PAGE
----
About 96,000 heat-resistant bricks, in three different sizes, now are secured to the walls using bonding mortar in combination with adhesive anchors. The flame trench will be able to withstand temperatures of up to 2,000 degrees Fahrenheit at launch of the rocket’s engines and solid rocket boosters.
“The flame trench has withstood so many historical launches, and we are giving it new life to withstand many more,” said Regina Spellman, the launch pad senior project manager with the Ground Systems Development and Operations Program.
The north side of the flame trench is about 571 feet long, 58 feet wide and 42 feet high.
A new flame deflector soon will be installed that will safely contain and deflect the plume exhaust from the massive rocket to the north during launch. Two side flame deflectors, repurposed from space shuttle launches, will be refurbished and reinstalled at pad level on either side of the flame trench to help reduce damage to the pad and SLS rocket.
A demonstration of the automated command and control software for NASA’s Space Launch System (SLS) rocket and Orion spacecraft, recently took place in Firing Room 3 in the Launch Control Center at the agency’s Kennedy Space Center in Florida. The software, called the ground launch sequencer, will be responsible for nearly all of the launch commit criteria during the final phases of launch countdowns.
The Ground and Flight Application Software Team, or GFAST, demonstrated the software for Charlie Blackwell-Thompson, launch director for the first integrated flight of the SLS and Orion spacecraft. Also attending were representatives from the NASA Test Director’s Office.
The software is in the advanced stages of development. It includes nearly all of the core capabilities required to support the initial use during Ignition Over-Pressure / Sound Suppression and follow-on tests through launch of the agency’s SLS rocket and Orion spacecraft. The suppression stage ensures the water dampening system initiates in the final second of launch countdown. It also produces the pattern and volume needed to dampen the pressure waves and acoustic environment caused by the firing of the SLS core stage RS-25 engines and solid rocket motors.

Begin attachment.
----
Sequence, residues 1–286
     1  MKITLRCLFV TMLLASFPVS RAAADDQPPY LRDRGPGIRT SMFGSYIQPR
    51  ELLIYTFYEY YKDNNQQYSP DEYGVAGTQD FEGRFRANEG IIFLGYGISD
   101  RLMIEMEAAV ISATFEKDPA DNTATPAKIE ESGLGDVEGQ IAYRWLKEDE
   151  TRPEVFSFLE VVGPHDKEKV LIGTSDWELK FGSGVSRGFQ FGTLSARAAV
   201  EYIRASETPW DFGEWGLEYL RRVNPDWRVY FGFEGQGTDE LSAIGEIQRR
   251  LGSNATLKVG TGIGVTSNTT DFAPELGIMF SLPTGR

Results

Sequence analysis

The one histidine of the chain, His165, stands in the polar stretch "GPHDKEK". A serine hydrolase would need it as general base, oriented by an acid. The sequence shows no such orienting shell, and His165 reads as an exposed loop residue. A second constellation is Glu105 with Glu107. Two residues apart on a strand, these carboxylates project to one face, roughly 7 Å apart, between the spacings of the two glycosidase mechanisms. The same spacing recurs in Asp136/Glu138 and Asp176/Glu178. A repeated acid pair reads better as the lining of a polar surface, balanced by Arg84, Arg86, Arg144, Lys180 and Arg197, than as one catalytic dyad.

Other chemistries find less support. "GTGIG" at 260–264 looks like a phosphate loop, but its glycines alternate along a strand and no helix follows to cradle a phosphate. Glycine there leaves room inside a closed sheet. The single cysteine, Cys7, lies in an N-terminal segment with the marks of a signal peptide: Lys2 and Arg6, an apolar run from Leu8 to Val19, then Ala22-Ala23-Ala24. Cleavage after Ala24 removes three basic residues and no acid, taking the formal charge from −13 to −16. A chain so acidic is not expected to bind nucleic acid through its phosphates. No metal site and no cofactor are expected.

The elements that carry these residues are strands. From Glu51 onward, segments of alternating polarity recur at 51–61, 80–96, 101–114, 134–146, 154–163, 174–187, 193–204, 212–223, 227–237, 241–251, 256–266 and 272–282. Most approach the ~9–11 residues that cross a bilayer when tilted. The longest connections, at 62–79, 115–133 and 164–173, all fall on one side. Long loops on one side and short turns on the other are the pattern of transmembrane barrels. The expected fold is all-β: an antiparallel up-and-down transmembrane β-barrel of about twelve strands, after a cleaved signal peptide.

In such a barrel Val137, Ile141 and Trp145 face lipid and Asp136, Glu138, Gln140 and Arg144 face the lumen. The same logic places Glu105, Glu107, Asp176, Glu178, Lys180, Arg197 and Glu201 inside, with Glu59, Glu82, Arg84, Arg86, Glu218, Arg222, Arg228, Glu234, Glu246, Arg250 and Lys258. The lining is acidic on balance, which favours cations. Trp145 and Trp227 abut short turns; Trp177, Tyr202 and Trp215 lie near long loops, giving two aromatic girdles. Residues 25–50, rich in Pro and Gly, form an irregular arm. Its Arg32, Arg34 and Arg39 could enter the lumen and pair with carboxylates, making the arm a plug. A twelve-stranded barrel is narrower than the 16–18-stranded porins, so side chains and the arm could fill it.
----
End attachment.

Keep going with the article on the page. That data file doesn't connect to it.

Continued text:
“We were pleased to be able to demonstrate the continued evolution of the ground launch sequencer for members of the launch team, and look forward to its first use in operations support,” said Alex Pandelos, operations project engineer for Launch Integration in the Ground Systems development and Operations Program (GSDO).
The software was developed by GSDO’s Command, Control and Communications teams at the center. Development of the software will continue, with a goal of beginning verification and validation of the software in summer 2017.
NASA’s crawler-transporter 2 (CT-2) took a test drive along the crawlerway at Kennedy Space Center to determine the structural dynamics and loading environments of the crawler’s recent upgrades. The test was performed to ensure that the crawler is ready to support the first integrated flight of the agency’s Orion spacecraft atop the Space Launch System.
The unloaded CT-2 rolled from the crawler yard along the crawlerway to the Pad A/B split for the first leg of the trip and traveled back to the mobile launcher platform park site near the Vehicle Assembly Building. For the loaded test, the crawler picked up Mobile Launch Platform 1 at the park site and returned to the Pad A/B split. Engineers took measurements during the entire trek using accelerometers, strain gauges and pressure transducers. The data collected will be used to validate the dynamic model of the integrated SLS.
CT-2 is the vehicle that will carry the SLS rocket and Orion spacecraft on the mobile launcher to Pad B for launch. The behemoth vehicle recently was upgraded to support the heavier load of the SLS atop the mobile launcher.
Upgrades to the crawler included installation of new generators, gear assemblies, jacking, equalizing and leveling (JEL) hydraulic cylinders, roller bearings and brakes. Other systems also were upgraded.
The Ground Systems Development and Operations Program is overseeing upgrades to facilities and ground support equipment necessary to support the launch and deep space missions, including the Journey to Mars.